only reaches full development when it is listened to, accepted and assimilated, and when it arouses a genuine adherence in the one who has thus received it. An adherence to the truths which the Lord in His mercy has revealed; still more, an adherence to a program of life – a life henceforth transformed – which He proposes. In a word, adherence to the kingdom that is to say to the ‘new world,’ to the new state of things, to the new manner of being, of living, of living in community, which the Gospel inaugurates. (n. 23)

Likewise, Pope Benedict XVI tells us in his Apostolic Letter, Porta Fidei, that “there exists a profound unity between the act by which we believe and the content to which we give our assent” (n. 10). In the Catechism of the Catholic Church we learn about the “second conversion,” as an uninterrupted task for the whole Church. “This endeavor of conversion is not just a human work. It is the movement of a ‘contrite heart,’ drawn and moved by grace to respond to the merciful love of God who loved us first” (CCC, 1428). What a tremendous opportunity to love! Evangelization is for everyone, everyday!

Time for a New Evangelization

The “New Evangelization” calls each of us to (1) deepen our faith, (2) believe in the Gospel message, and (3) go forth to proclaim the Gospel, which means that all Catholics are called, first, to be evangelized and, then, to go forth and evangelize.

Secularization is a powerful force, an enemy of the Gospel. Pope St. Pius X called this secularization “Modernity.” Its power is strong and subtle. In some areas, like pop culture and the media, it is often able to defeat the Church without firing a shot. Secularization is one of the enemies we fight with the New Evangelization.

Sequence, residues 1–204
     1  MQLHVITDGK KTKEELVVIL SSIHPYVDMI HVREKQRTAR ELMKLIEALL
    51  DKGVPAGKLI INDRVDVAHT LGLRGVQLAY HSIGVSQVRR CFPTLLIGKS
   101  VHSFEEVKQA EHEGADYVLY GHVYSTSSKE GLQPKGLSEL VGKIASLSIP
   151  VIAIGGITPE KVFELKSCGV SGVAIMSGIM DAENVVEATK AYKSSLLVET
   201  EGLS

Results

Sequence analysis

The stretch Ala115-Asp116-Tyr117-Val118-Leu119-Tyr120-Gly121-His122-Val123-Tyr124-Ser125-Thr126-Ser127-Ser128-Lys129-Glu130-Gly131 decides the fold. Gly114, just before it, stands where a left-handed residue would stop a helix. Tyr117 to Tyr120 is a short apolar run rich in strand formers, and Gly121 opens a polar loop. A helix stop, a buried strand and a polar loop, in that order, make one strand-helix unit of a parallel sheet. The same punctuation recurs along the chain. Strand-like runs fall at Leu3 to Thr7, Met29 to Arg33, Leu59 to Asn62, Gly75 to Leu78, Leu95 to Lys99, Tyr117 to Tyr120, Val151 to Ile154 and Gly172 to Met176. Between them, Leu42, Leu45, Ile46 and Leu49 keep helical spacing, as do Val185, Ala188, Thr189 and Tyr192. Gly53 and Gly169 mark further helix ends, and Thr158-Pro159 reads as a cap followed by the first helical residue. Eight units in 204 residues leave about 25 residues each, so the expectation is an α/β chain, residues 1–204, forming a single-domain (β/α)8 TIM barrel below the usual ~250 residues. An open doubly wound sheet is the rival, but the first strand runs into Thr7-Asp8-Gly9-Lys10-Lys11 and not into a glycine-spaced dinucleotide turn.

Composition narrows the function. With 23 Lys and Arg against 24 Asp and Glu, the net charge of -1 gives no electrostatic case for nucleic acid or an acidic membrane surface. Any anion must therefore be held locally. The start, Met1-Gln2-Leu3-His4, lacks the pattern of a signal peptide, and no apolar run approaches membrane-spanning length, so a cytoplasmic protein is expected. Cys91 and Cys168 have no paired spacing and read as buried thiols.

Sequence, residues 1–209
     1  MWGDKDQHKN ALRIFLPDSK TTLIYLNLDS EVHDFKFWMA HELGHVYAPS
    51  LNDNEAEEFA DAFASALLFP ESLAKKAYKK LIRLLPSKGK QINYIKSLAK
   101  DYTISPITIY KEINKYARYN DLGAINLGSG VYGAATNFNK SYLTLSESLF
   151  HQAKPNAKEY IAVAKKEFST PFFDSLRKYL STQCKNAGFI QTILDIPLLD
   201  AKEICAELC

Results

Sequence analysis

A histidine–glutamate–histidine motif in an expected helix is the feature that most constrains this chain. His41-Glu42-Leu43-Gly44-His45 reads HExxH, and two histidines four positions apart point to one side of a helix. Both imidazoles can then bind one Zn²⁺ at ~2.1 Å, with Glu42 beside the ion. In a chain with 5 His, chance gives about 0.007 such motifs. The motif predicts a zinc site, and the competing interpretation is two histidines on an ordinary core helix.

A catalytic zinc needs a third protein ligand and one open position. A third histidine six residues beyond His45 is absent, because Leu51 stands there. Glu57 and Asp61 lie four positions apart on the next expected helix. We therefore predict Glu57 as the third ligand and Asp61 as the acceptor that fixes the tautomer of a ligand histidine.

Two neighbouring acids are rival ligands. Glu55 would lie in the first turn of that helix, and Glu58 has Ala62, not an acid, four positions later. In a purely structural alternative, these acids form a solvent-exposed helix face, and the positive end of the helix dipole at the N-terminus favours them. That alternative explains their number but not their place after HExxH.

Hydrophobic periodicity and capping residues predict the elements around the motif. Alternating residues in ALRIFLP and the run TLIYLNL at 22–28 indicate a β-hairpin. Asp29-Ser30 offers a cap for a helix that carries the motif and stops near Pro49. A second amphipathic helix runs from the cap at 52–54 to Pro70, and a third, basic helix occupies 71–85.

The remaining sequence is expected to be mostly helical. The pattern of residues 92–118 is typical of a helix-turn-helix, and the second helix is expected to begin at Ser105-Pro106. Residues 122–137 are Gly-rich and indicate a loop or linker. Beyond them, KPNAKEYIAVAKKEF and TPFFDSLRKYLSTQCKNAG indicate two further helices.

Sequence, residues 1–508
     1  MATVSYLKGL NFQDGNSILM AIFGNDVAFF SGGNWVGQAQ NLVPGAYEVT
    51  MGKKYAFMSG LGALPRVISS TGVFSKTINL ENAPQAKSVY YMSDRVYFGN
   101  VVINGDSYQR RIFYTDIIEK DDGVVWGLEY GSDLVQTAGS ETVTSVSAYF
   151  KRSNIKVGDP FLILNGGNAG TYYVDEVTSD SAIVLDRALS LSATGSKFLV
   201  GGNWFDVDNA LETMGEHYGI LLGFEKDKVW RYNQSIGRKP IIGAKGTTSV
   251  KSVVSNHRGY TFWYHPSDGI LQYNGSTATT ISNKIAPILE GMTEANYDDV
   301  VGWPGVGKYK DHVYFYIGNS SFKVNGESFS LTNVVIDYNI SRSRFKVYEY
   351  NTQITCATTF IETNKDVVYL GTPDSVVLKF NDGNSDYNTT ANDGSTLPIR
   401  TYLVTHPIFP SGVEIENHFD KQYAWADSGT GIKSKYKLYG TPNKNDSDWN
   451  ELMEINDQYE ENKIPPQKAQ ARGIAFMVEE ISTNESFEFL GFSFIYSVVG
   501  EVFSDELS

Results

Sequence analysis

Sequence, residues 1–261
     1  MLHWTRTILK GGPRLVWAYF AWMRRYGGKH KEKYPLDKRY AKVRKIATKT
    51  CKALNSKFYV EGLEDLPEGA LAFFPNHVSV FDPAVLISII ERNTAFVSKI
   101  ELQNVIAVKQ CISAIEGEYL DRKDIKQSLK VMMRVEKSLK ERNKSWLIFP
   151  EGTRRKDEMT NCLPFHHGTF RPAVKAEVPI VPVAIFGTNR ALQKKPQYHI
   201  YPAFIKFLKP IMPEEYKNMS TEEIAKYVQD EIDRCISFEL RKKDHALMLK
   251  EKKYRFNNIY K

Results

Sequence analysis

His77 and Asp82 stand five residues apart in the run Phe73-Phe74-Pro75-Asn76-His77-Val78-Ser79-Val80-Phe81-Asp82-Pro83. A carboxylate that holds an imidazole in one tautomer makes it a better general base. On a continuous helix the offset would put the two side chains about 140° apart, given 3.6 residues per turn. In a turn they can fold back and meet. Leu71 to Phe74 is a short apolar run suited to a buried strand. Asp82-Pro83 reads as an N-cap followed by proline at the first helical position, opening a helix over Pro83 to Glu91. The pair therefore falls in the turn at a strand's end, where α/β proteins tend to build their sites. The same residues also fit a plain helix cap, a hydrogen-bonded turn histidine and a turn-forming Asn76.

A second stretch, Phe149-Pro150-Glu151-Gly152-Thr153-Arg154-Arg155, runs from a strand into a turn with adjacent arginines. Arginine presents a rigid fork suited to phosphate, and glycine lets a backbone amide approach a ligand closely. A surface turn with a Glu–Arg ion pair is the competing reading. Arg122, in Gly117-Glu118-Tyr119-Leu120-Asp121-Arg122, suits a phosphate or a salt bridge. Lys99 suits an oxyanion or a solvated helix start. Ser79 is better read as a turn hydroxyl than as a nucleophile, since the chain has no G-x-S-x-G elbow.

The New Evangelization offers hope – the hope of salvation and eternal life. Unfortunately, few people are interested in the “End” – that is, eschatology, teaching about the “last things.” It is all about now – living in the here-and-now – “Grabbing all you can, canning all you grab, then sitting on the can!”

In a Catholic News Agency/EWTN article from June 14, 2011, Pope Benedict XVI explained that “the effort to renew the evangelization of mankind begins in the human heart.” He stated that “to be effective the proclamation of faith must begin with a heart that believes, hopes, loves, a heart that loves Christ and believes in the power of the Holy Spirit.” The New Evangelization offers the gifts of faith, hope, love, and new life in Christ. It is the responsibility of everyone in the Church to seek these gifts in their own lives: to be filled first, and then to be poured out. Pope Benedict said that St. Peter’s proclamation of Jesus’ Resurrection at Pentecost was “not confined to a simple list of facts,” but rather “cut to the heart” of those who heard him.